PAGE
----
The Cacna1b gene encodes the CaVα1 pore-forming subunit of all CaV2.2 channels, and alternatively spliced exons in Cacna1b influence channel function and sensitivity to G-protein coupled receptors (GPCRs) [17,18,19,20]. The expression of alternatively spliced exons in Cacna1b is regulated by factors that depend on tissue type, cell type, development, and disease state [21,22,23,24]. Of special interest are mutually exclusive exons, e37a and e37b, which encode sequences in the C-terminus of CaV2.2 [25]. Previous work has shown that e37a-Cacna1b mRNAs are enriched in a subset of transient receptor potential vanilloid 1 (Trpv1) expressing nociceptors of dorsal root ganglia (DRG) [26]. Compared to e37b-CaV2.2, e37a-CaV2.2 channels are trafficked more efficiently to the cell surface [27, 28], they are inhibited more strongly by Gi/o-protein coupled receptors including the μ-opioid receptor [19, 20, 29], and they enhance actions of intrathecal morphine analgesia in vivo [19, 20, 29]. E37a-CaV2.2 and e37b-CaV2.2 channels contribute to basal thermal and mechanical nociception but e37a-CaV2.2 channels have a preferred role in the maintenance of thermal and mechanical hyperalgesia induced by inflammation [30, 31]. The unique function of e37a-CaV2.2 channels in nociception and sensitivity to GPCR inhibition motivated us to explore the expression pattern and potential function of e37a-CaV2.2 channels in brain.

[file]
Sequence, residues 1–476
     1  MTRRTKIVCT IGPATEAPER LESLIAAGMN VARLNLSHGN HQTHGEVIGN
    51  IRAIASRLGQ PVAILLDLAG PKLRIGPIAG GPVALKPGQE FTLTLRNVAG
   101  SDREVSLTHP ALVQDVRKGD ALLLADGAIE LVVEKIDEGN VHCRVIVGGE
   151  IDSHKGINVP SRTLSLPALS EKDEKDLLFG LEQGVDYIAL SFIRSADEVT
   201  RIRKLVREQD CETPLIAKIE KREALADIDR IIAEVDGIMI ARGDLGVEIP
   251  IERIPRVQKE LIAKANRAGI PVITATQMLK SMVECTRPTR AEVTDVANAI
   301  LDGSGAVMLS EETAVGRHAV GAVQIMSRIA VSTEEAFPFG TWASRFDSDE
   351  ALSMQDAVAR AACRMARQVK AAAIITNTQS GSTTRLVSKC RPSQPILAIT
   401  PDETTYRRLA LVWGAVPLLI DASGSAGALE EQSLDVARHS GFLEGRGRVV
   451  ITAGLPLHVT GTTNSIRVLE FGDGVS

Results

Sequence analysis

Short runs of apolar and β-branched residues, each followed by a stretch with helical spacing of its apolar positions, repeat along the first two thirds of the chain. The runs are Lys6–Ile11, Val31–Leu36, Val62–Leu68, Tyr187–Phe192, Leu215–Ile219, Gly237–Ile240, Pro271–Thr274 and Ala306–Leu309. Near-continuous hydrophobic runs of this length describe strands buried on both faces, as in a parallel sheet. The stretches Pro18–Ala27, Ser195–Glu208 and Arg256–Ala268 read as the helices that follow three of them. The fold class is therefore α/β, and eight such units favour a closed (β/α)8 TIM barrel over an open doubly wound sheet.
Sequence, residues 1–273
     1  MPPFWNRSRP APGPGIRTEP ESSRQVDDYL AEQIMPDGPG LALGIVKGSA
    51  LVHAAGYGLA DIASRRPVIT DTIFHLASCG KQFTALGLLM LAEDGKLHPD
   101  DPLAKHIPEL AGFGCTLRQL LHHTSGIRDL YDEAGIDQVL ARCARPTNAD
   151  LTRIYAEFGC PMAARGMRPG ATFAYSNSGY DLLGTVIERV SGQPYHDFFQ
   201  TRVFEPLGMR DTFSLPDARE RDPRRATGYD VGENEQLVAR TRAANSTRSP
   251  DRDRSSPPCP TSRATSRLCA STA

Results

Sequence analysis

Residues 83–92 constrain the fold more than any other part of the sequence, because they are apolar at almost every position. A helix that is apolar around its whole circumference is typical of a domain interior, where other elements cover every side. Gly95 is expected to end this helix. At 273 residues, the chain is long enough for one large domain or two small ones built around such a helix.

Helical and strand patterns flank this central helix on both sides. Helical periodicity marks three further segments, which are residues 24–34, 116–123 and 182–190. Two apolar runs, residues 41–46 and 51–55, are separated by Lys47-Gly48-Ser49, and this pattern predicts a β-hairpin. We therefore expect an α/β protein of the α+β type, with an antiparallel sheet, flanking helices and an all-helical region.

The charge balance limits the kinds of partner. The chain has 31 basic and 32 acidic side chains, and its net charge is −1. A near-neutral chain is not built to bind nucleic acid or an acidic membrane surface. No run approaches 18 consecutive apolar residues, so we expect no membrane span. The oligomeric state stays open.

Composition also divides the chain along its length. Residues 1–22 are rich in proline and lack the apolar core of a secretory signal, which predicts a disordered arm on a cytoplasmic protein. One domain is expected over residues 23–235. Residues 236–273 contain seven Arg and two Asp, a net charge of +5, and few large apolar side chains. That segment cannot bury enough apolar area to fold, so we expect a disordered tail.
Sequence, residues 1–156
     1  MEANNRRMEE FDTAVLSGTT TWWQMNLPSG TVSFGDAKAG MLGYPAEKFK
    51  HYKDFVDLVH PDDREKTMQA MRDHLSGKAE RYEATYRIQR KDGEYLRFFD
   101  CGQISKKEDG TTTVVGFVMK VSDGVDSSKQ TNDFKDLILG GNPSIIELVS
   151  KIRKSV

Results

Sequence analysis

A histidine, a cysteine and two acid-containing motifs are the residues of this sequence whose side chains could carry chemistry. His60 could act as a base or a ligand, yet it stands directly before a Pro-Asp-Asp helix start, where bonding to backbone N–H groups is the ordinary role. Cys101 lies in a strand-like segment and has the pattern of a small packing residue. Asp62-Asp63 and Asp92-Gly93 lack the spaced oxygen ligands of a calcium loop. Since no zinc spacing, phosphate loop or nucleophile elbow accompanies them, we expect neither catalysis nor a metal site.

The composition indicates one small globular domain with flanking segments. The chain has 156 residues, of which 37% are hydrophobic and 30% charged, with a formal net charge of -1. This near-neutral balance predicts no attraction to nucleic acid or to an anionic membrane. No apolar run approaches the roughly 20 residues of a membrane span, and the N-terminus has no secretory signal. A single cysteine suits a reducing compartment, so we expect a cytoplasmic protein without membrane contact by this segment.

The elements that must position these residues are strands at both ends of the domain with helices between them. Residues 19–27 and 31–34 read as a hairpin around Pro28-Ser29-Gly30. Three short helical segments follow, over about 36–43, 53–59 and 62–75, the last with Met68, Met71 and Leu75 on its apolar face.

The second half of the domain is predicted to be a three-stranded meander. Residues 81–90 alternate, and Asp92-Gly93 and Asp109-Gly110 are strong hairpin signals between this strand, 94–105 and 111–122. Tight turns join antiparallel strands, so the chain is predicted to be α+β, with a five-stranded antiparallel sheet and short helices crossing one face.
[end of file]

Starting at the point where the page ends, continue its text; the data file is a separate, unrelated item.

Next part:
Here we show that e37a-Cacna1b mRNAs are expressed at low level throughout the brain but they are enriched in subsets of excitatory projection neurons. E37a-Cacna1b mRNAs are more abundant in Ca2+/calmodulin-dependent protein kinase II excitatory projection neurons (CaMKIIα+PNs) compared to cholecystokinin-expressing interneurons (CCK+INs). We show that e37a-CaV2.2 channels contribute to transmitter release at cortico-hippocampal excitatory synapses and they inhibit exploratory and novelty-induced anxiety-like behaviors. Our results suggest that e37a-CaV2.2 channels influence presynaptic transmitter release at specific synapses in the brain and are linked to behavioral responses to aversive stimuli.


Transgenic mice